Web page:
• Abdominal ultrasound.
  • Blood studies such as CBC or blood differential.
  • Barium enema x-ray.
  • Barium swallow x-ray.
  • Upper endoscopy (EGD).
  • Sigmoidoscopy.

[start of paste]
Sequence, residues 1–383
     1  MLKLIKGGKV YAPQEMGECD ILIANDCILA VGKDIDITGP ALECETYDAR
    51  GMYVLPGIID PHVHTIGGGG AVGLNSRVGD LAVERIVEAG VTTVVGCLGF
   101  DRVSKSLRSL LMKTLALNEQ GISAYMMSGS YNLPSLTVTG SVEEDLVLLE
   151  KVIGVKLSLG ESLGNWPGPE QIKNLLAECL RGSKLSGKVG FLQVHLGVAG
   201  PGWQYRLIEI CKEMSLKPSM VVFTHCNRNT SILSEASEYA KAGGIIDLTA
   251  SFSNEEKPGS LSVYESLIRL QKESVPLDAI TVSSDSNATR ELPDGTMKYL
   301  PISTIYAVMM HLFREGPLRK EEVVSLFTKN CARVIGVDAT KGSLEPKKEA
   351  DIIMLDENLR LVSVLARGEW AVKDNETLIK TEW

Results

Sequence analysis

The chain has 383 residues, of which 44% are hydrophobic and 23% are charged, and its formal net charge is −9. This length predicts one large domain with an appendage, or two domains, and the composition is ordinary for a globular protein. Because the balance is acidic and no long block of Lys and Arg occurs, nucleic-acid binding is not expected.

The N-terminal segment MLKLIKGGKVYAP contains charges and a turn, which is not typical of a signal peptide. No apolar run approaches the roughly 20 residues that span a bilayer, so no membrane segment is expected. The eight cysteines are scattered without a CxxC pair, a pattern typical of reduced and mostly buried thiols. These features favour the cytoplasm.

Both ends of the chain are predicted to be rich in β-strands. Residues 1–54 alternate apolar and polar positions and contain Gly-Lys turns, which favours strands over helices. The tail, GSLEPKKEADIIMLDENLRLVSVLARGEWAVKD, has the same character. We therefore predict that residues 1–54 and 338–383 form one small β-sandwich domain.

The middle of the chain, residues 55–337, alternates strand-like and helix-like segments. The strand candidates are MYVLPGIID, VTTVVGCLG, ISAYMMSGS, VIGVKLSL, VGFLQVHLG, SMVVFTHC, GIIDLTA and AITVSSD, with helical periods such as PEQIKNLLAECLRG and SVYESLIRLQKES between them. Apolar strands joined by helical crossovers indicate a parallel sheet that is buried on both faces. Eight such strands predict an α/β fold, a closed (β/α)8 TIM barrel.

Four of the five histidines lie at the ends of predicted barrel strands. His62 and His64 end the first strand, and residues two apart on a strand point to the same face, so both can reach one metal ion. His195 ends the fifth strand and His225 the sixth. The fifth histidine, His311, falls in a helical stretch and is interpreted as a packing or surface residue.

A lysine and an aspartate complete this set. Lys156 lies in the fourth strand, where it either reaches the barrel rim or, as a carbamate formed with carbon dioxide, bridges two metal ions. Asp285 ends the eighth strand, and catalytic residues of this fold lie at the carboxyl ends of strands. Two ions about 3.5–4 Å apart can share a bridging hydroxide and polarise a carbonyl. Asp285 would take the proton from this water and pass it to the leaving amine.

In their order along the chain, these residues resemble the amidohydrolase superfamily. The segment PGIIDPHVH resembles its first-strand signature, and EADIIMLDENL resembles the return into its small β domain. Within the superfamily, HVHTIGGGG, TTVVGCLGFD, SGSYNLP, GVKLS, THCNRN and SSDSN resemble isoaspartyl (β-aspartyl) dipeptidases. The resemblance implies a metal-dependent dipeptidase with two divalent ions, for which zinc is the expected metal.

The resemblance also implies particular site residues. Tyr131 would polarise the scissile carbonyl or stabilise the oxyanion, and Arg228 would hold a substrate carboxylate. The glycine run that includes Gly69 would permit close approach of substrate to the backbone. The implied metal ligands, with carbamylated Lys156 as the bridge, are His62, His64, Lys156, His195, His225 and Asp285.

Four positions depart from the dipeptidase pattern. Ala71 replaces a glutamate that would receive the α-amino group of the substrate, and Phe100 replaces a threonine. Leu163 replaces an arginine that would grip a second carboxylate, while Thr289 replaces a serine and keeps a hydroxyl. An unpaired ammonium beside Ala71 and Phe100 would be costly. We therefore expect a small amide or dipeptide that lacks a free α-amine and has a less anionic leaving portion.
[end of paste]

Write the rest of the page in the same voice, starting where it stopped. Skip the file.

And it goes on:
Treatment Options: To avoid gas, keep these few remedies in mind. Eat slowly and chew your food thoroughly. Relax while eating. Avoid the foods that cause discomfort as mentioned earlier like beans and carbonated drinks. Also, try taking a walk after eating for 10 or 15 minutes to increase digestion. It also helps to drink a soothing tea like chamomile or peppermint after a meal to avoid gas. Changing your diet can be a key way to avoid gas as well. Over-the-counter medicines work well to cure excessive gas and prevent gas as well. Antacids and digestive enzymes are the most common nonprescription, over-the-counter remedies. Antacids contain simethicone, which combines with gas bubbles in the stomach to remove the gas. For those who have problems digesting lactose, the enzyme lactase, can help and is also available over-the-counter. Taking or chewing lactose tablets is recommended before meals to help digest those foods while eating. Lactose-free milk products are also available, and can be a good solution to avoid gas. Another recommended remedy is Beano, which contains an enzyme to help digest sugar found in vegetables and beans. Beano is taken before meals as well. If you are having more chronic problems, it could be attributed to a more serious problem, like IBS, and you should see a doctor. Prescription medicines are available to tackle the excessive gas sometimes caused by IBS. You should call your physician if you are having other symptoms in addition to flatulence, like heartburn, intense abdominal pain, nausea, vomiting, diarrhea and constipation. Flatulence is very common, and it is not life-threatening. While it may be unpleasant and embarrassing, there are ways to reduce the symptoms and prevent gas. Altering your diet is the best way to avoid gas. It is also helpful to use over-the-counter medicines that aid in digestion and reducing the amount of air swallowed. Also, a person's enzyme levels tend to decrease with age, so gas may be a more persistent problem as a person ages. But a close eye on diet choices can be successful in the prevention of flatulence. DISCLAIMER: This information should not substitute for seeking responsible, professional medical care.